MDLP: Box Squats and De-Load

As luck would have it, its De Load week. Haha just kidding, leaving de load up to luck or “feel” is the worst idea and trust me, I have fallen for that trap many times. My body has definitely been feeling the ramp up in strength and event training and this weeks de load has come with a lot of thought and preparation. My knees and back are deff feeling the weight of my body as well as the increase in Log and yoke intensity and aside from good therapy, I have to do my due diligence and take advantage of my de load. Like I stated in previous articles, I tend to push to hard on my fluff days and although there should be no decrease in mental focus during De Load, sometimes I get a little carried away with acc work. I take the same approach I do with by body as I did with my spine recovery. Identify pain triggers, give the area time to heal and strengthen the complimentary muscles.. oh, and patience.

After having a few weeks of shitty knee pains, I decided to avoid squatting below parallel and placing the back and front squat on the back burner for now. I am by no means saying that squatting is horrible for your knees but I am giving myself time to lessen the inflammation, fix my imbalance and focus on the movements I need most to get a strong qualifying total. During previous training cycles, many moons ago, I found box squats to be very helpful for strongman. The turn over is simple, build very strong posterior chain and lessen the load on the spine, knees and hips. In addition, I decided to use my old briefs to allow an easier transition as well as get used to wearing some type of gear, as my deadlift will allow a suit. All my percentages this week are going to hover around 60-65% as I set my bearings straight for the next few weeks.

Moral of the story? I have been on this road many times before and one of my biggest faults in the past has been doing too hard on things that don’t matter. I remember so many days killing myself on front squats, strict presses, benches and acc work during a training cycle when they should really be limited as a tool to facilitate your sport specific training. Ego training and dick lifting in the past has taken years off my training life, that being said it will always be a battle to fight against the inner animal and bro. Regardless of the struggle, my ego will remain in check and the only supplementary/accessory work I will perform will be under correct percentages and more importantly, as a complimentary movement to the events coming up.

Warm Up:

  • Big 3
  • TKE 3×20/20
  • Single Leg RDL 1×15/15
  • Band Bicep Curls 1×50
  • Band Face Pulls 1×50

Work Load:

  • DeadLifts 6×1 with straps (3 sets at 315, 3 sets at 365)
  • Box squats 6×2 at 315#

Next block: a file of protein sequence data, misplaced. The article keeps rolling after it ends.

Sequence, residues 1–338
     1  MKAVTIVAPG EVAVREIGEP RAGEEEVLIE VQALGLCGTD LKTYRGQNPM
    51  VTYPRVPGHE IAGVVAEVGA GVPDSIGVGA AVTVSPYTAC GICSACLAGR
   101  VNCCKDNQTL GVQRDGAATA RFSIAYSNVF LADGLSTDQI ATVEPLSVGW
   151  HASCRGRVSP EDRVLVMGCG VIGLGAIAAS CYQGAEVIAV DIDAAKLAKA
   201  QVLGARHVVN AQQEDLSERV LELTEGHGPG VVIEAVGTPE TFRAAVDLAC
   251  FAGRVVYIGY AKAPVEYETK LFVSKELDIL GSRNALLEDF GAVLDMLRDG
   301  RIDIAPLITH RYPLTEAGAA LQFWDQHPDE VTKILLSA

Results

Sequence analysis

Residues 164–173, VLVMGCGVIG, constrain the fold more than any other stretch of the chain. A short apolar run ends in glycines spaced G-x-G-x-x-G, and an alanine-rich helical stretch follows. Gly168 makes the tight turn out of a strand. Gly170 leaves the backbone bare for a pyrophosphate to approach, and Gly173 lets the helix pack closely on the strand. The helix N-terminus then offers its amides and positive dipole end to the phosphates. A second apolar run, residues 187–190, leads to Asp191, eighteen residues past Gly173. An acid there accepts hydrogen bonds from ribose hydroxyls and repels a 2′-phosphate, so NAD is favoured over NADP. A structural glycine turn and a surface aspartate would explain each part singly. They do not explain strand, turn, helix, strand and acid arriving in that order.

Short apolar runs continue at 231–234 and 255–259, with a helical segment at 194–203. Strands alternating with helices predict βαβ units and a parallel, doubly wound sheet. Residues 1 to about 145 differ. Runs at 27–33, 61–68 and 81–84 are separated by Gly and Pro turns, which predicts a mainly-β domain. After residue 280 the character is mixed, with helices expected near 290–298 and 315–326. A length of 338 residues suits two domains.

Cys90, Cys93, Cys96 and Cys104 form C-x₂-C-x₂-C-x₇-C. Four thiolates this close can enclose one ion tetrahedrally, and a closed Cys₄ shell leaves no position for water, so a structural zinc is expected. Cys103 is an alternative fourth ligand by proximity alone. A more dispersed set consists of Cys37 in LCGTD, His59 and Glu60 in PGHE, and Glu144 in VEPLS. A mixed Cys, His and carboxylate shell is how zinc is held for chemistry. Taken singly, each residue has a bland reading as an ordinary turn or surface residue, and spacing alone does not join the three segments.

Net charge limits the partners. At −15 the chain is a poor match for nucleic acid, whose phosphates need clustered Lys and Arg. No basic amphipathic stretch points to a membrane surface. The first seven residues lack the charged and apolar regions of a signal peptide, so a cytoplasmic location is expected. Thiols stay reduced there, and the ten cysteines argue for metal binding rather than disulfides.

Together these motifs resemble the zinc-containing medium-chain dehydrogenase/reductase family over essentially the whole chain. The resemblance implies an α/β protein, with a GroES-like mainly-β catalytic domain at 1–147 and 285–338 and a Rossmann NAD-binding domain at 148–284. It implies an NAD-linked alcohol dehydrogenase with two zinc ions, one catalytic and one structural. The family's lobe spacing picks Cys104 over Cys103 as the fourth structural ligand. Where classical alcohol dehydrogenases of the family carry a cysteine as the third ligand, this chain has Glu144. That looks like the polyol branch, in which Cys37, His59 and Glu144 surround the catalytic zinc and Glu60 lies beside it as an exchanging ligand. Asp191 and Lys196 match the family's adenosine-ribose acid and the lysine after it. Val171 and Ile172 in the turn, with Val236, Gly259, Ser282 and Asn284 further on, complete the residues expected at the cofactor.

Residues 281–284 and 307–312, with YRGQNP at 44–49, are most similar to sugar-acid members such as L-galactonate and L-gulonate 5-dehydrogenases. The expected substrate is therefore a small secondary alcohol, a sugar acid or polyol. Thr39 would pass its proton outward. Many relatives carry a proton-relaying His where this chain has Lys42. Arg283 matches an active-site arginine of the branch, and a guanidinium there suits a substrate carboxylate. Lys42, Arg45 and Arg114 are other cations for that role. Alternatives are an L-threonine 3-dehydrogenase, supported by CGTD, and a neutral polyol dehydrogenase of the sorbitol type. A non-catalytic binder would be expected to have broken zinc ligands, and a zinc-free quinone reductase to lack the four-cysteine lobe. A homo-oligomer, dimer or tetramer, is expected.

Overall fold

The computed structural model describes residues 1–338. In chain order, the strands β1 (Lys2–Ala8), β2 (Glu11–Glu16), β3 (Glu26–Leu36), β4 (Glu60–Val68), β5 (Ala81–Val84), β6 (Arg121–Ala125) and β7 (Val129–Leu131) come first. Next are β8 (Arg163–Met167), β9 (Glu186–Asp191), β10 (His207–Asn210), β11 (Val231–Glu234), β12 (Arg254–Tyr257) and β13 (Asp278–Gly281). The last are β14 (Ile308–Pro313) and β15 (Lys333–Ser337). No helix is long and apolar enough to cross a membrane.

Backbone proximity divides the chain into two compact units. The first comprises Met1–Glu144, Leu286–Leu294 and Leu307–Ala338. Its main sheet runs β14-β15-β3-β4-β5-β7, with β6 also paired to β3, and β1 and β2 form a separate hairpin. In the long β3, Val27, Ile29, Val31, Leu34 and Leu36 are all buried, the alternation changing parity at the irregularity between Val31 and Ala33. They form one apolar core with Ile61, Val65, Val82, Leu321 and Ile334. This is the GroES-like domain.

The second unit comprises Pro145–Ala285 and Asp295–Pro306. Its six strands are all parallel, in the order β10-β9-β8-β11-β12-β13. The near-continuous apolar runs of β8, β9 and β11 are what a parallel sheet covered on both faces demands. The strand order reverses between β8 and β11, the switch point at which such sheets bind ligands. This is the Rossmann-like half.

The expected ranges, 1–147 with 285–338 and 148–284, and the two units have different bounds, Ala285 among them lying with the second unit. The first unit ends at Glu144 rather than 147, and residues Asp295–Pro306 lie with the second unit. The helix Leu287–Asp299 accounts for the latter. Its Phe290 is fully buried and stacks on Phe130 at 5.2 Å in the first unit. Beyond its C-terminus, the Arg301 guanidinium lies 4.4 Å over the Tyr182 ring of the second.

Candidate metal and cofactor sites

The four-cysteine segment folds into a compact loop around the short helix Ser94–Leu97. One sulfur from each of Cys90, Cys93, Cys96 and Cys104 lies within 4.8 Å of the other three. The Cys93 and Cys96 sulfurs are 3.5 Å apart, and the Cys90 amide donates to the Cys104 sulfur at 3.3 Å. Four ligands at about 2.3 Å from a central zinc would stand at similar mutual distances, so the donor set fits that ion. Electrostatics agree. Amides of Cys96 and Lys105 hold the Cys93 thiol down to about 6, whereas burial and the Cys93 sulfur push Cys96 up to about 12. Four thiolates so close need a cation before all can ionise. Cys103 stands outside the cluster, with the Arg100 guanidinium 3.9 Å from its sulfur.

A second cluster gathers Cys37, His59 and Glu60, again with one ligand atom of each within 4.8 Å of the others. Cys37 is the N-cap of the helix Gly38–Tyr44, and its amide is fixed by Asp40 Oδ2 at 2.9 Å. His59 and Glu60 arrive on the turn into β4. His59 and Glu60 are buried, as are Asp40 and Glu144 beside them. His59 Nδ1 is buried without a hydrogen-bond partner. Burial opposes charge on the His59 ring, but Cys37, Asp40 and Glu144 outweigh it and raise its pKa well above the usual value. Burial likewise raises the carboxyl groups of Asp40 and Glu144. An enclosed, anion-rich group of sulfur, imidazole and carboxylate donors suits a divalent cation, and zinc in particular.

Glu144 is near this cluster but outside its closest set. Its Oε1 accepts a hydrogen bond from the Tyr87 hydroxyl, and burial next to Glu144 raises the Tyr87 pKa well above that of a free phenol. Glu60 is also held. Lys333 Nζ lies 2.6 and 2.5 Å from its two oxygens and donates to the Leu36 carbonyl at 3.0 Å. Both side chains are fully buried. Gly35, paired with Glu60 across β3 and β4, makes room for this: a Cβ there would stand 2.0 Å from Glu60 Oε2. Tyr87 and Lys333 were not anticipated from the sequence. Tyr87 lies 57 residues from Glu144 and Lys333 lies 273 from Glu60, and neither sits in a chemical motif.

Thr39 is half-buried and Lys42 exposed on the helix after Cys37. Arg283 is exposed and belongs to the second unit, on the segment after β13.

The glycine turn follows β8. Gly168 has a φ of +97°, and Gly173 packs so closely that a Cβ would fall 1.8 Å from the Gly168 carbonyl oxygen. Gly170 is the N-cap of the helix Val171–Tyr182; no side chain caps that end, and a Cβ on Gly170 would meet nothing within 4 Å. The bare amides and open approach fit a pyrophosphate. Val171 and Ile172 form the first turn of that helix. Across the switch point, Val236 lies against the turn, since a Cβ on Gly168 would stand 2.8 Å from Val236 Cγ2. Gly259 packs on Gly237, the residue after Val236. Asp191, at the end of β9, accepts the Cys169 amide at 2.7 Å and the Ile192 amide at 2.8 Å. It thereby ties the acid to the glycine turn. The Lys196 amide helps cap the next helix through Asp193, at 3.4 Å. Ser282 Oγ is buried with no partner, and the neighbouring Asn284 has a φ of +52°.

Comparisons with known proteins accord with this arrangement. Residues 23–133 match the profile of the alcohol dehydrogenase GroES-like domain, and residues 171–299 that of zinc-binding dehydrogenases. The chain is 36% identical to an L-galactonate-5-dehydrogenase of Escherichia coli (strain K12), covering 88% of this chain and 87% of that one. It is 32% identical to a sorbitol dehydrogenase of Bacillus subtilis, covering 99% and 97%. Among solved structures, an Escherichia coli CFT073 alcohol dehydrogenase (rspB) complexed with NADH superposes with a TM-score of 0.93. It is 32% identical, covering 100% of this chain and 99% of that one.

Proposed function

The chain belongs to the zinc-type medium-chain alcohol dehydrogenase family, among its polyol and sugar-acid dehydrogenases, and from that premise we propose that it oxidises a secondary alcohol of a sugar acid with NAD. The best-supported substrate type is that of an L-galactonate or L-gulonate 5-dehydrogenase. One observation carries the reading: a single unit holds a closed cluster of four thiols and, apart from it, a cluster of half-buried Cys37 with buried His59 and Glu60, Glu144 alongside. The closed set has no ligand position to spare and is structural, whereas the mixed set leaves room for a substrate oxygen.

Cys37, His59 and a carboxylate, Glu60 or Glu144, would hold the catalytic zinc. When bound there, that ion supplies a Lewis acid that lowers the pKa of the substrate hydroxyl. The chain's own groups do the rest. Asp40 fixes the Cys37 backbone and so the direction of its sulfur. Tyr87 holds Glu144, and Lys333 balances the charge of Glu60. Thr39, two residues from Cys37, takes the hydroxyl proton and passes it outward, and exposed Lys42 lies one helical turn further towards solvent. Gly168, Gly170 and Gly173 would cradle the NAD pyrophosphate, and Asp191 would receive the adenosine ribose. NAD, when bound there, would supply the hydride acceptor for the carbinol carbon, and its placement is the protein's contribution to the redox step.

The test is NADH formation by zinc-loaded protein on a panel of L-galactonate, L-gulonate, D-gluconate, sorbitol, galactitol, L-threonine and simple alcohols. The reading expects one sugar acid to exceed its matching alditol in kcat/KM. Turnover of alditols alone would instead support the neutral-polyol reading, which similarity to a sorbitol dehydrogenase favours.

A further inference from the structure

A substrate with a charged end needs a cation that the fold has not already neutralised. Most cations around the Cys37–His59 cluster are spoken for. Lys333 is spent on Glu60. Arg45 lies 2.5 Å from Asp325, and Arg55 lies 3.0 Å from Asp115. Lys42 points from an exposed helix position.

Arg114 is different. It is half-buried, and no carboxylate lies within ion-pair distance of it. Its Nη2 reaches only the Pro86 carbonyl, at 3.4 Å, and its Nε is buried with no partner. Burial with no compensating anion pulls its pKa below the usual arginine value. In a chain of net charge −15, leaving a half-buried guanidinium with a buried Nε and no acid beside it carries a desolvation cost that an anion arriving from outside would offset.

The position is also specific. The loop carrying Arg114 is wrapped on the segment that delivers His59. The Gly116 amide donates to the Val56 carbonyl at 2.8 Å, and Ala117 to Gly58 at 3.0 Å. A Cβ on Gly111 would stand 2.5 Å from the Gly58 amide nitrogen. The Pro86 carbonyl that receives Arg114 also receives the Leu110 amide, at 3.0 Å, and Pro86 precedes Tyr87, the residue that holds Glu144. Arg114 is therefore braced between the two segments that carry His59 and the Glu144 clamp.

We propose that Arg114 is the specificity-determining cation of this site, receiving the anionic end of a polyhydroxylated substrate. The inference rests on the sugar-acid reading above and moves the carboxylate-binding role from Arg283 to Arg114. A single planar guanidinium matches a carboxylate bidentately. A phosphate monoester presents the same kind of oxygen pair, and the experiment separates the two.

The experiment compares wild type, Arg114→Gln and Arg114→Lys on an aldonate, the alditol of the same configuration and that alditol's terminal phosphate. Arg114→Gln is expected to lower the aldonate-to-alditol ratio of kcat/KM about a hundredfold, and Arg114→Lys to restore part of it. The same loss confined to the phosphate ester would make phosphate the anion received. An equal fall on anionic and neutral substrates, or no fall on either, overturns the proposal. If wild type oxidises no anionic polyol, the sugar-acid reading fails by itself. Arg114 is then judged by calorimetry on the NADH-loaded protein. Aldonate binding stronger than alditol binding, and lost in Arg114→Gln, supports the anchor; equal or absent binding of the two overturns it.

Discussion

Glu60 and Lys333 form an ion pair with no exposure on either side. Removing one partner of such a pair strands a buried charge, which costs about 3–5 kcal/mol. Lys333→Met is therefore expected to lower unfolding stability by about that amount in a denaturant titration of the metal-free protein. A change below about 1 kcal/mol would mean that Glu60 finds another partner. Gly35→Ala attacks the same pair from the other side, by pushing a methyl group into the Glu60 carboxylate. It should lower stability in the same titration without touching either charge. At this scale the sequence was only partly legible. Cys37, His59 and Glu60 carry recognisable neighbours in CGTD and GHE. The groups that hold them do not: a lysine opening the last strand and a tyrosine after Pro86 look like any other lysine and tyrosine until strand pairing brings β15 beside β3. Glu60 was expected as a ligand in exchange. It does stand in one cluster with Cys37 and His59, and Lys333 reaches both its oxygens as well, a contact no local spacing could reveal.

• Single Leg RDL 4×12/12
  • GHR 4×5
  • Suit Case Carry 3×150/150ft
  • Concept 2 Bike 3 sets of 30 sec sprints (calorie bike 14,20,18 cals with 1-2 min rest)

Never Stray from The Way

MDLP

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Mike De La Pava
Michael “MDLP” De La Pava is currently a competitive Strongman and owner of The Battle Axe Gym. Born in Miami, Florida into a Colombian household, Michael finished his schooling by attending Penn State University where he graduated with a Degree in Psychology. Having his roots in martial arts, he would go on to compete in various sports as a Muay Thai fighter, Powerlifter, and rugby player before committing himself fully to Strongman. During this time, he opened Miami’s first Strongman gym, The Battle Axe, where he currently coaches athletes from various disciplines including powerlifting, MMA fighters, Strongman, officers of multiple authorities and enlisted and active military operators. Competing in Strongman for over 6 years has given Michael the opportunity to rank as high as 15th in the nation (105kg), won Florida’s Strongest man (1st in 2014 and 2nd in 2015 in the 105kg class), lift and load a 420 pound Atlas stone, log press 335, pull 700, and most importantly, share the competitive battlefield with some of the best in the game. During this journey, Michael suffered what some would consider a potentially career-ending spine injury. It was at this time that Brian and Michael would begin working together to not only rehab his spine, allowing him to return to Strongman but also develop a new Strongman training program revolving around the 10/20 philosophy. Strongman and coaching have given Michael the opportunity to travel around the nation and the world to train, coach and be coached, as well as share ideas with various leaders in the strength community. Michael’s experience and network in strongman brings a welcome connection with the ever-growing sport of Strongman to the 10/20 team and PRS family.
Mike De La Pava

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